this year --in its struggle to board up unprofitable locations and keep
its head above the rising waters, and, as CNNMoney reported, credit
rating agency Moody's expects the company's bank account to run dry
within another 12 months. One Wall Street analyst already has warned
of impending bankruptcy, and Forbes.com reported last week that the
retailer itself has confirmed the likelihood of a Chapter 7 or Chapter
11 bankruptcy filing, if it cannot find a buyer or restructure its debt.
RadioShack CEO Joseph Magnacca
said in a statement on September 11 that while the company was making
progress in its turn-around efforts, "we are actively exploring
options for overhauling our balance sheet and are in advanced discussions
with a number of parties."
A filing the retailer submitted
to the Securities and Exchange Commission (SEC) this week was far more
blunt. In short, it said that if RadioShack cannot sell the firm, partner
with another company, or restructure its debt, "we may not have
enough cash and working capital to fund our operations beyond the very
near term, which raises substantial doubt about our ability to continue
as a going concern." And if Plan A does not work out, the retailer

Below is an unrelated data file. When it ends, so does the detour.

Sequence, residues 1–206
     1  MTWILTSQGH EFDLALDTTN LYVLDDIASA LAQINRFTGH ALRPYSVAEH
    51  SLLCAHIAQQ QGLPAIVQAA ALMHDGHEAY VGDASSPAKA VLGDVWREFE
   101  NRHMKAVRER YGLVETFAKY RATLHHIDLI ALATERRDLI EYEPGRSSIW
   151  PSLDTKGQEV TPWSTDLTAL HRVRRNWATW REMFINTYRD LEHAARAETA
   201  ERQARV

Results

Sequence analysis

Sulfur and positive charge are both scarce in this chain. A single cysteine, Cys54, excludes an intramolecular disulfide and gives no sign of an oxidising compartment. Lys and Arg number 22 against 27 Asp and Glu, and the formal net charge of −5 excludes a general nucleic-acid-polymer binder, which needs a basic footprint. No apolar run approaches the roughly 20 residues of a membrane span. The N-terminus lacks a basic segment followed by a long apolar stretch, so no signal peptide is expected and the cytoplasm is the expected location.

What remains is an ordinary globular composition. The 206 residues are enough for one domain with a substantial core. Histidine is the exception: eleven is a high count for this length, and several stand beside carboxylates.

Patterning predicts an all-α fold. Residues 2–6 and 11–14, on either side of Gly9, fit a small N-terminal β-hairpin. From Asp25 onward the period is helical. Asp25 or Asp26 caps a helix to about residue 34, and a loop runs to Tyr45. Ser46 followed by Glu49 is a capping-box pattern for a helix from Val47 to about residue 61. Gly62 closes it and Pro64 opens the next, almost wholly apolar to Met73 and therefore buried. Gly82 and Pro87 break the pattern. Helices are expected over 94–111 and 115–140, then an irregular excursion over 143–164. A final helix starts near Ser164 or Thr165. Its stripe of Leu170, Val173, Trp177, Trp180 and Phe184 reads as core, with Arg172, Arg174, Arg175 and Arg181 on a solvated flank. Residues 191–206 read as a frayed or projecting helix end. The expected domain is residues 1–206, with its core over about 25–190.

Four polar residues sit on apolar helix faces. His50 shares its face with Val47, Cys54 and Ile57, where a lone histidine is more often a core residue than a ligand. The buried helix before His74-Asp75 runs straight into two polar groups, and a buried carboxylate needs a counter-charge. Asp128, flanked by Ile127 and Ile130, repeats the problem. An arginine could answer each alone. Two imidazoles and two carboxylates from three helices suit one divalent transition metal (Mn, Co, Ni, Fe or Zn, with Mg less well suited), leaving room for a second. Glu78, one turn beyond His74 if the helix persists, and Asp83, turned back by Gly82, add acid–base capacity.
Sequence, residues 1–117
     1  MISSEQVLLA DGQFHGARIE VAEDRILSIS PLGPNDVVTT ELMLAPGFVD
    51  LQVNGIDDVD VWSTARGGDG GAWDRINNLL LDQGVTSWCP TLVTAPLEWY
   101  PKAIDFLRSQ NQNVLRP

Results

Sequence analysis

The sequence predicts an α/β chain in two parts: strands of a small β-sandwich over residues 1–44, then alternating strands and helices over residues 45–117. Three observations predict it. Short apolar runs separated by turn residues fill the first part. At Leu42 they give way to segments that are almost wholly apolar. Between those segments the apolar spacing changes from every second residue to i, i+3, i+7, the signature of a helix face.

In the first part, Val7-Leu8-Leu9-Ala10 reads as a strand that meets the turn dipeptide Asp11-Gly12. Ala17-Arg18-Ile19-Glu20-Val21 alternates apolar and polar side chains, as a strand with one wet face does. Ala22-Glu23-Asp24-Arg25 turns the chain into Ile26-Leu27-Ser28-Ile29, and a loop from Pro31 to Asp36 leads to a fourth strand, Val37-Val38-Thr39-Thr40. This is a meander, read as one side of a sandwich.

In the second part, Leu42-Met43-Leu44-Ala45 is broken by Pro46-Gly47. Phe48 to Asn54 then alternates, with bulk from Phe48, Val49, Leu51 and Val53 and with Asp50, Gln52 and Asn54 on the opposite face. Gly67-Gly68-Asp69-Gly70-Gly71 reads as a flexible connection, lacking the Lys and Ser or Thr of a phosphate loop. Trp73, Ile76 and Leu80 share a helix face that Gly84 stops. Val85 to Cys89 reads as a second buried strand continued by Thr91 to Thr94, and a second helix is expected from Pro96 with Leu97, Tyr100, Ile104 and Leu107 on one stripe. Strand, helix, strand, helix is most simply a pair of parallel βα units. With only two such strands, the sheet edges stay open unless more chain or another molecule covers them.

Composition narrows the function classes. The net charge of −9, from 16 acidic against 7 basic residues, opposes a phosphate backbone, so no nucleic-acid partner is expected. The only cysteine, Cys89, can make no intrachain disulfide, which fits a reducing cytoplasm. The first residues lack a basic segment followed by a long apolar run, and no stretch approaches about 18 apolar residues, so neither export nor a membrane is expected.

told the SEC, "we would likely be required to liquidate under Chapter
7 of the Bankruptcy Code."
Tim Allen = Radio Amateur (For Real)
In a particularly delicious twist of Life Imitating Art, comedian Tim
Allen, star of the ABC hit television series, "Last Man Standing,"
has earned his Amateur Radio ticket, KK6OTD. Tim joins nearly 2 dozen
show production and crew members who have become Amateurs in real life
as a result of regular exposure to authentic equipment on the stage
set and devilishly hilarious ham radio story lines that find their way
into the script by brilliant writers.
Amateurs who are already loyal fans of the show are delighted to welcome
Tim into the ranks of the Amateur fraternity, where he joins a growing
list of entertainers, heads of state, industry pioneers, and others
of great notoriety.
Congratulations, Tim, and see you on the radio.
the new Buzzard Roost Certificate
The "Buzzard Roost", an "educational"
gathering....not a net!.... convenes on 3975 kHz at 2400 UTC
on Monday nights. They have decided to issue a certificate
to folks brave enough to check in!